It was a scary, terrifying leap. Walking away from a life of ease. Flouting convention. The chorus of doubts and demands. Of course this had held her back-it holds so many of us back. But for Nightingale it would no longer. Two weeks later, she took the leap.

"I must expect no sympathy or help from them," she wrote of her decision to break free. "I must take some things, as few as I can, to enable me to live. I must take them, they will not be given to me."

Within a year, she was setting up field hospitals for wounded troops in Crimea. The conditions were horrendous. Men died in the halls of buildings and on the decks of ships for lack of beds. Rats stole food from their plates. Patients huddled in freezing hospitals without clothes, some spending their last moments on earth completely naked. Their rations were unsuitable, and their doctors incompetent. It was everything her parents had tried to prevent her from sullying herself with. It was enough to scare away even the bravest of public servants.

"I have been well acquainted," she explained, "with the dwellings of the worst parts of most of the great cities in Europe, but have never been in any atmosphere which I could compare with that of the Barrack Hospital at night." By now the fear was gone. In its place was steely determination. She funded the repairs out of her own pocket and got to work.

Henry Wadsworth Longfellow would capture her heroic image perfectly in one of his poems, contrasting the dreary, cheerless corridors of the hospital with the image of Florence Nightingale, going from room to room, carrying a lamp and her good cheer.

On England's annals, through the long

Hereafter of her speech and song,

That light its rays shall cast

From portals of the past.

A Lady with a Lamp shall stand

In the great history of the land,

A noble type of good,

Heroic womanhood.

Heroic, period. Possible only because she was brave enough to overcome those pedestrian but powerful fears.

Her work in Crimea, done under fire and at grave personal risk-indeed, she picked up "Crimean fever" (brucellosis), which plagued her for the rest of her life-would inspire the founding of the Red Cross. Her innovations, her pioneering work afterward in systematizing the care of the sick and vulnerable, continues to benefit anyone who has ever been to a hospital in the 180 years since she stepped off the path that so many others had tried to intimidate her into staying on.

Her mother had wept when her daughter asserted herself. "We are ducks who have hatched a wild swan," she said. Imagine crying because your child turned out to be special. Imagine growing up in a house where that happened. As Strachey would write, Nightingale's mother was incorrect. Her daughter was not a swan. They had birthed an eagle. It had been a long time incubating, a long time in the nest, but once it flew, it was fearless.

What we are to do in this life comes from somewhere beyond us; it's bigger than us. We are each called to be something. We are selected. We are chosen . . . but will we choose to accept this? Or will we run away?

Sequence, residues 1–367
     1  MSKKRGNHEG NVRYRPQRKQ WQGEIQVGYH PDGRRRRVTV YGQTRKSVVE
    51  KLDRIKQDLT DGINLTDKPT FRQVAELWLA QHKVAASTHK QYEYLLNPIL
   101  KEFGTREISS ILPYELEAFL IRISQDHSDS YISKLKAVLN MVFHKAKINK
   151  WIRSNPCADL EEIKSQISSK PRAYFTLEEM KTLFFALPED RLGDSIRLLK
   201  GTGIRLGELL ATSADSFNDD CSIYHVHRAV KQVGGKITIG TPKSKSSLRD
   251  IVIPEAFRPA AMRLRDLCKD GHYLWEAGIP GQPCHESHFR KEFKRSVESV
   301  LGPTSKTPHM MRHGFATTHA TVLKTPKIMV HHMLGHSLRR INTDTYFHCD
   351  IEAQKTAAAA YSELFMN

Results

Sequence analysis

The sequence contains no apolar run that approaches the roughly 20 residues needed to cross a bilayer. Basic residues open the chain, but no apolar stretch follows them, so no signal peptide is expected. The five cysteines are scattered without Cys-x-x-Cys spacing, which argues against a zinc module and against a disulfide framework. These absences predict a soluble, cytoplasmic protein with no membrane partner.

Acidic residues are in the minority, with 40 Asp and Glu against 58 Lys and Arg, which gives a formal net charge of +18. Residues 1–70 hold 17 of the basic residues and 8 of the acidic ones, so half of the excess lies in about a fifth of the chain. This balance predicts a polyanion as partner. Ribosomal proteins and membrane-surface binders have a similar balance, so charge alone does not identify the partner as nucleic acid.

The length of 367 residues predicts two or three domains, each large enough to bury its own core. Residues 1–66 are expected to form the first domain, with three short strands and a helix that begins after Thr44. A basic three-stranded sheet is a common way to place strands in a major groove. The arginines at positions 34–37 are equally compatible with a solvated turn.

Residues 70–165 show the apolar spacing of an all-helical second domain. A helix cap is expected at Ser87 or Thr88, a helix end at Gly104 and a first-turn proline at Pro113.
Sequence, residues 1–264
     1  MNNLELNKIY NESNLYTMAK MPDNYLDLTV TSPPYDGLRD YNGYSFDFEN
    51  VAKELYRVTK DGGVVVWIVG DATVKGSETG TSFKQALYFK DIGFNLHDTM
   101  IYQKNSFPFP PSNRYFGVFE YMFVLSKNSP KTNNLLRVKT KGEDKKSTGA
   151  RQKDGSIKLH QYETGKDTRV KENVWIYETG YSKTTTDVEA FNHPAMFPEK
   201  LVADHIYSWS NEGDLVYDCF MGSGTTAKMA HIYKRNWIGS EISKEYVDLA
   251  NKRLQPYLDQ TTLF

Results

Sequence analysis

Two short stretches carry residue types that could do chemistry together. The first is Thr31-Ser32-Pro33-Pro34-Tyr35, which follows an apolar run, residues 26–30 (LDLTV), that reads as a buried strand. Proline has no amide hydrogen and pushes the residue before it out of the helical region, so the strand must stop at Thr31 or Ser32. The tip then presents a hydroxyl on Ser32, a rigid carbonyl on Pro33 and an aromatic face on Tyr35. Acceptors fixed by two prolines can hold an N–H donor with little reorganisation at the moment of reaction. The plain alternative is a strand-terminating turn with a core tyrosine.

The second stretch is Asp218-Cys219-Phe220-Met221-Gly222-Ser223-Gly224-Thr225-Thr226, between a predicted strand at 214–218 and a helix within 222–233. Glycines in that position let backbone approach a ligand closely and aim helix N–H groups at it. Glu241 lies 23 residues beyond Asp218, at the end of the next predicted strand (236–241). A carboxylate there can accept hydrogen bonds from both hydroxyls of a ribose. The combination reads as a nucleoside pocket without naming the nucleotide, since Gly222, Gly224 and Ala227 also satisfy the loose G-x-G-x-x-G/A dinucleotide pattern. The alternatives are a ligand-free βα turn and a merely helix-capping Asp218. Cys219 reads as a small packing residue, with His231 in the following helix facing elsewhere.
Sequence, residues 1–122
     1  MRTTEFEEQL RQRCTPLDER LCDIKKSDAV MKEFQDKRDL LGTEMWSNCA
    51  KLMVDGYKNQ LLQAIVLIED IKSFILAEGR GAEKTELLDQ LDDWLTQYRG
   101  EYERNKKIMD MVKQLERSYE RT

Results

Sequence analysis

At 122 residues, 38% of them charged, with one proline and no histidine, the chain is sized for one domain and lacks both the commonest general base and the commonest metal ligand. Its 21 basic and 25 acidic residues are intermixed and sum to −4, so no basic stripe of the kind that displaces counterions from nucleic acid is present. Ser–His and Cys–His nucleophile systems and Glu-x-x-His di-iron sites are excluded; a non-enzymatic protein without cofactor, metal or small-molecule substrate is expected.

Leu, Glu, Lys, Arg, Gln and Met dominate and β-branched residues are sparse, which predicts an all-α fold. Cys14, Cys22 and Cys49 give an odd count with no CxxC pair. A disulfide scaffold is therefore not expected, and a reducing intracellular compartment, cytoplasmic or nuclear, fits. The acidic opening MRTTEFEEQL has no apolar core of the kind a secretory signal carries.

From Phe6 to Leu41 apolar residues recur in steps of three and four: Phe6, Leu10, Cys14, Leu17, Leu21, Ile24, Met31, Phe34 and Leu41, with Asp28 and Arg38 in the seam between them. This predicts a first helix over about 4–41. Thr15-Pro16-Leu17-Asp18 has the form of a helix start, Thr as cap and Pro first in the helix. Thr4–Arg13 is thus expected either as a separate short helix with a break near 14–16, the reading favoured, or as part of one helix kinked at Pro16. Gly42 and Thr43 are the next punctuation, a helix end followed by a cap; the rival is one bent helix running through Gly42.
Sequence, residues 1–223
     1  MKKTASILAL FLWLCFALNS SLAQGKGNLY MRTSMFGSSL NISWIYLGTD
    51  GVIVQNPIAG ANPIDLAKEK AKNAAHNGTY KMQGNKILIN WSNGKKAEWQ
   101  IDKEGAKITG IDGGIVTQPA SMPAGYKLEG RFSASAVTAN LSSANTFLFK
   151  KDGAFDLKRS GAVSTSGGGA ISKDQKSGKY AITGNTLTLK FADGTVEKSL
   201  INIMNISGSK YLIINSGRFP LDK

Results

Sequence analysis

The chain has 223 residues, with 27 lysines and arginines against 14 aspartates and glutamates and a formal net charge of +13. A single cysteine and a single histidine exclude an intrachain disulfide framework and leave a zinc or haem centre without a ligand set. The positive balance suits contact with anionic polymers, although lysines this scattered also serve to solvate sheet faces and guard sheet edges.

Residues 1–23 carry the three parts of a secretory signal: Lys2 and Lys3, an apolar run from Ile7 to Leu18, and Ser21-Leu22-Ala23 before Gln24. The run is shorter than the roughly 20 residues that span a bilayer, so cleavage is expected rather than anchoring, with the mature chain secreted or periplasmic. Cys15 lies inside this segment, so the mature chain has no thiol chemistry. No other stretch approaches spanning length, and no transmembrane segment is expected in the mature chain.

That is our call.

One way to see Nightingale's story is that she spent years ignoring her call to service. The other is that she was preparing herself for the mission of her life. It took time for her to see through the smoke and noise of the family and society that attempted to discourage her from doing what needed to be done. It took time for her to acquire the skills she needed to transform nursing.

In either version, fear-and the triumph over it-is the defining battle of her existence. Just as it has been for anyone who has changed the world. There is nothing worth doing that is not scary. There is no one who has achieved greatness without wrestling with their own doubts, anxieties, limitations, and demons.

As it turns out, for Nightingale this experience was itself formative. When she finally threw herself into the establishment of hospitals and the reformation of Britain's military and civilian health systems, she faced incredible opposition-from bureaucracy, from the elements, from the political powers that be. She had to be more than an angel of mercy in the sick ward: She was a quartermaster, a shadow secretary, a lobbyist, a whistleblower, an activist, and an administrator. It would be her ability to do this, persisting in the face of this relentless and intimidating opposition, to wage a patient but indefatigable battle against those who wanted to deter her, that would make her work possible.

No one could intimidate her any longer. She could not be bullied.

"Your letter is written from Belgrave Square," she said in a letter challenging Britain's secretary of state for war, "I write from a hut in the Crimea. The point of site is different." This from the woman who a few months earlier was afraid to disappoint her hysterical mother. Now when a doctor-or anyone-told her that something could not be done, she replied with quiet authority, "But it must be done." And if it wasn't-for instance, when a hospital she worked at refused to admit Catholics and Jews-she threatened to resign. They got the message.

Her experiences with fear helped her relate to and love the thousands of wounded, dying patients she would care for. "Apprehension, uncertainty, waiting, expectation, fear of surprise, do a patient more harm than any exertion," Nightingale wrote. "Remember he is face to face with his enemy all the time, internally wrestling with him, having long imaginary conversations with him." This was a battle she knew firsthand, one she could help them win.

Today, each of us receives our own call.

To service.

To take a risk.

To challenge the status quo.

To run toward while others run away.

To rise above our station.